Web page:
The review of Russia's government bond rating that Moody's Investors Service started two months ago amid the escalation of the Ukrainian crisis has ended up in a compromise solution: the rating outlook has been cut to 'negative' but the rating itself has been held at Baa1 level, although there were some signs back in March that it could be downgraded by one or even two levels.
Moody's reported on March 28 that Russia's Baa1 rating was put on review with the prospect of being downgraded because of the weakening economy and growing geopolitical risks. The agency said then that, if it decided to downgrade the rating, the most likely scenario would be its lowering by one level. It warned, however, that, if there were signs that the current events could cause serious turmoil, Russia's rating could be lowered by more than one level as well.
The agency said it could hold Russia's sovereign rating if the tension was alleviated or an anti-crisis decision was made capable of improving the prospects of the country's economic growth.
Moody's announced the review results early on Saturday. The downgrading of the outlook to 'negative' reflects the Russian economy's increasing "susceptibility to geo-political event risk" and the weakening medium-term economic growth outlook. The agency said it did not downgrade the rating itself taking into account Russia's "strong fiscal and external accounts," which it said it did not expect "to be materially affected by the current geo-political tensions related to the Ukraine and the lower GDP growth trajectory projected in the coming years."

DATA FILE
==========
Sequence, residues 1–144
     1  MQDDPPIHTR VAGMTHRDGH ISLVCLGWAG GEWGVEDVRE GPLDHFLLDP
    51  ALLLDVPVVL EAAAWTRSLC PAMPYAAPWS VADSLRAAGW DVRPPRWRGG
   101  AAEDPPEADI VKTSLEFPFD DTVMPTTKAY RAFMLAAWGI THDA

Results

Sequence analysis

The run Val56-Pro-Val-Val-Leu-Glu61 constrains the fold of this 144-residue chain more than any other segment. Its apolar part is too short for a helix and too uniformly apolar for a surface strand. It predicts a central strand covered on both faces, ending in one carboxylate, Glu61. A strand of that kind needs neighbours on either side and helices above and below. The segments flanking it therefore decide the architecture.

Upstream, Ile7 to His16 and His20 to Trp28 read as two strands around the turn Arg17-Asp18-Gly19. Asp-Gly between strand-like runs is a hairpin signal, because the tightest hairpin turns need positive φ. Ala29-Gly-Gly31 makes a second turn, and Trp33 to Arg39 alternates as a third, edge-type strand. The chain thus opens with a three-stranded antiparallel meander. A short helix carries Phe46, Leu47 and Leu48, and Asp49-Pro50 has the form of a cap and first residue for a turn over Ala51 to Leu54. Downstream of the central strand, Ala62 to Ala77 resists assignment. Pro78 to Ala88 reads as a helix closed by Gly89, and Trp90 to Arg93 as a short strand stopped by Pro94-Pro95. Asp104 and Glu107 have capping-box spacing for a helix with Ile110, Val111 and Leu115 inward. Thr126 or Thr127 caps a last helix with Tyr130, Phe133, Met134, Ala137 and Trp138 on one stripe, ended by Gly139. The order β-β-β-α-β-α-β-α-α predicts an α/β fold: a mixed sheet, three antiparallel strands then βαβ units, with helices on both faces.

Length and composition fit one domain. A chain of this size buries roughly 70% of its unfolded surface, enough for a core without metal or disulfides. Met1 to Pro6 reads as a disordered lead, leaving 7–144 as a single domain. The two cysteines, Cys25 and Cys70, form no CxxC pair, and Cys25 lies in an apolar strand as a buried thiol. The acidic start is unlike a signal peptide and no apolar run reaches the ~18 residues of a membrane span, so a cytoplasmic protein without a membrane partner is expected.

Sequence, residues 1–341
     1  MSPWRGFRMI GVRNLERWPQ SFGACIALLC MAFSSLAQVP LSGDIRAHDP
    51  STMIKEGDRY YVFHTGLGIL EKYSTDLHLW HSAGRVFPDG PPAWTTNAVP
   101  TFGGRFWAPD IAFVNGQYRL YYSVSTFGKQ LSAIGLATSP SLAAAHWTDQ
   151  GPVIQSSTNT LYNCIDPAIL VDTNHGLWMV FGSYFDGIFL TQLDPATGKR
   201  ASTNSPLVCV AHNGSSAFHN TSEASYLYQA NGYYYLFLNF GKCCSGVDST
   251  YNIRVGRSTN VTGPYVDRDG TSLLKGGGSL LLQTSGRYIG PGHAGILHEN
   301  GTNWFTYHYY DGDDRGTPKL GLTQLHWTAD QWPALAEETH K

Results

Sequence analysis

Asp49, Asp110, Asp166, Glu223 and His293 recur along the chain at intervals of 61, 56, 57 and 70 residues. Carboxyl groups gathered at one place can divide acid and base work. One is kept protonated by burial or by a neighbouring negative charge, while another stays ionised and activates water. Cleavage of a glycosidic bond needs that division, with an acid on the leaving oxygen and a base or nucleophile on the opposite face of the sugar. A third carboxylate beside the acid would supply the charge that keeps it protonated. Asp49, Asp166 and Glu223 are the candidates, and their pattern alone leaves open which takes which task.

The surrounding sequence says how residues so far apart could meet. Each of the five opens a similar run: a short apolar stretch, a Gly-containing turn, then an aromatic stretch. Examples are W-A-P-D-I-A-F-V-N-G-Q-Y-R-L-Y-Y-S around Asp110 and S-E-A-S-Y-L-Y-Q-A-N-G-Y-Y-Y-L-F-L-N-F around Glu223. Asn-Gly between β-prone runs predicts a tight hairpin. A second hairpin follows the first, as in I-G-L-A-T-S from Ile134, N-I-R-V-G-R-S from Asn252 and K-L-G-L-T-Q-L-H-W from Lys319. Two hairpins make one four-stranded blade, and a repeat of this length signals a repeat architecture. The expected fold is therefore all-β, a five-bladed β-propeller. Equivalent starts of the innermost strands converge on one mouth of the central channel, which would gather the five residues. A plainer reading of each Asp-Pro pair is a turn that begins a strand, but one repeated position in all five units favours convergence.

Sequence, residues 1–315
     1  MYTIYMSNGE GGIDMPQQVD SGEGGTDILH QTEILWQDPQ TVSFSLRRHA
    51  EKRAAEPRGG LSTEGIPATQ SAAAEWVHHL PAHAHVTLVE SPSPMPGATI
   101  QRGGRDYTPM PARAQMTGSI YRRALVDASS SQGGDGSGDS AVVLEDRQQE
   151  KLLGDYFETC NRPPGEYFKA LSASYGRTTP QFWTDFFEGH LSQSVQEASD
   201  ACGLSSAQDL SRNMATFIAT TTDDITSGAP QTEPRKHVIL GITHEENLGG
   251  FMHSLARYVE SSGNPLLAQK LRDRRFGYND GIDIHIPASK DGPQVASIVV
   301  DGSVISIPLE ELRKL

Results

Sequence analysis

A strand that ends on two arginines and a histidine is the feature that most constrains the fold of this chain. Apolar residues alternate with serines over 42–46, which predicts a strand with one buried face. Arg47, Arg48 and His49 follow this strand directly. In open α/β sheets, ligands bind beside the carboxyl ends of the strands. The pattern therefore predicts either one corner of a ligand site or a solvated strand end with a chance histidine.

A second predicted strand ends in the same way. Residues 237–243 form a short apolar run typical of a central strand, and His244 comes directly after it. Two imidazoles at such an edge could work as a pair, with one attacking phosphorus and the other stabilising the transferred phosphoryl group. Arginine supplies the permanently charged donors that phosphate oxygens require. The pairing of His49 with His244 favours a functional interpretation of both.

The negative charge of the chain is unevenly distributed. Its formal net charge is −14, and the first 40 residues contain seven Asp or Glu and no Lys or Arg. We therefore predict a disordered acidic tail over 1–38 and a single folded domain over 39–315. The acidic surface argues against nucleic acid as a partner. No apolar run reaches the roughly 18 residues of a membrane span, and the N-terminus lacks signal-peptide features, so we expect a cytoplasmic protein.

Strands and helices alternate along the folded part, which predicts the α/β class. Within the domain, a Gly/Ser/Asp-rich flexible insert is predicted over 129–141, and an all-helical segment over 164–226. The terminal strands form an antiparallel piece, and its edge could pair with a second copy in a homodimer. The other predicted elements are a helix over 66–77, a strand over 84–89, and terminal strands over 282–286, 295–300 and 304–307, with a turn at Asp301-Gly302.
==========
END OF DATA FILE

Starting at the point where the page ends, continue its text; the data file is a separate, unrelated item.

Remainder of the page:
Moody's said Russia's annual growth outlook for the period from 2014 to 2018 has fallen to 1.7%.
The agency said also that, in the event of the Ukraine crisis' further escalation or continued deterioration of the domestic growth outlook, it could again consider downgrading Russia's rating.
If the situation surrounding Ukraine and Russia's macroeconomic condition develop positively, Moody's suggested it could change the outlook to 'stable'.
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